Home Page
Resources and Tutorials
Interactive Web Site
External Links
Kleinman Home Page

Frequently Asked Questions

1. How old is the English language?

Dating is not easy, but written records and archaeological evidence indicate that the island of Britain was settled by speakers of the ancestor of the English language -- the Anglo-Saxons -- around the year 450 AD. If we use this as a starting point, the English language is just over 1,500 years old.

2. What is 'Old English'?

Make sure you distinguish between Old English and old English. The latter has no technical meaning and can be used to refer to anything from the earliest forms of the language to eighties 'Val Talk'. But the capitalised version refers to the language at a particular period in time, about 450-1100 AD. Many people think of Shakespeare's language as 'Old English', but Shakespeare lived between 1564 and 1616 -- almost five hundred years after the end of the Old English period!

3. What is the difference between 'Old English' and 'Anglo-Saxon' ?

'Anglo-Saxon' refers to the people, their history, and their culture. 'Old English' refers to their language. Old English used to be called 'Anglo-Saxon' as well, but around the middle of the twentieth century scholars began to use the term 'Old English' to stress the continuity between the Anglo-Saxons' language and ours. Indeed, although the written form of old English looks to a beginner like a foreign language, further study reveals that Old English and Modern English really are very closely related.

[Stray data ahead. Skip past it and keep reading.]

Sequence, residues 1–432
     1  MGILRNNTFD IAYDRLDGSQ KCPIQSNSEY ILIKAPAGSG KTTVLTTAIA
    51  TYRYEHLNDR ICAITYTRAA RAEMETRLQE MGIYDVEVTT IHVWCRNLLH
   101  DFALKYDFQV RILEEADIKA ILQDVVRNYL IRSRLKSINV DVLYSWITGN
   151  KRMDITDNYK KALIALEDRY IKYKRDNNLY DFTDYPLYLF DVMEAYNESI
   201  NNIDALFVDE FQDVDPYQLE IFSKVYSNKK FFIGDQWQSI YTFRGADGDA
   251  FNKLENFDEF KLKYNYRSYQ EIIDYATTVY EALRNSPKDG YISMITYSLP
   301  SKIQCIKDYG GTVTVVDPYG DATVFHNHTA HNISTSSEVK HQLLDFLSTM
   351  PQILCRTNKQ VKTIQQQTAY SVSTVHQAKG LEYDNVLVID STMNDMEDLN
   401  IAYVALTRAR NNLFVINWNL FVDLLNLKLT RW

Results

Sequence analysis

4. Where did the Anglo-Saxons come from?

The Anglo-Saxons tell that they were descended from peoples who lived across the North Sea from Britain in what is now Denmark, Northern Germany, and Holland. Modern historians know them as ethnically Germanic, but they were not German; Germany as a political (and cultural) institution notion developed much later.

5. So how much has English changed in 1,500 years?

In the 19th century, the philologist Henry Sweet referred to three periods in the history of English which were characterised by some notable grammatical tendencies. Old English is similar to many European languages in marking grammatical functions with 'endings' on words (like the -s in words which tells us that the word is plural). In the second period, Middle English, the number of these endings became significantly reduced and devices such as word order increased in grammatical function. Middle English lasted from approximately 1100-1500. When studying Middle English in detail, we can divide the period into Early Middle English and Late Middle English. Together, Old English and Middle English comprise the medieval period.

The third period is known as Modern English, lasting from about 1500 to the present. During this period the endings became reduced to a very few. As you can see, the medieval period was twice as long as the modern period. And you may be surprised to find that Shakespeare wrote Modern English! Well, if that goes against your intuitions, you'll be happy to know that the modern period is divided into Early Modern English (about 1500-1800) and Present-Day English (1800 to the present). Around 1800, the language (in its written form, at least) achieved approximately its present form.

6. How exactly has English changed?

Now we're getting into the nitty gritty of the subject. You already know part of the answer: English lost many of its grammatical endings over the course of time and word order became increasingly more important. But changes also occurred in handwriting, spelling, pronunciation, vocabulary, and idiom as well. Cultural attitudes about the use of English have also changed considerably, often in ways that reflect wider social attitudes.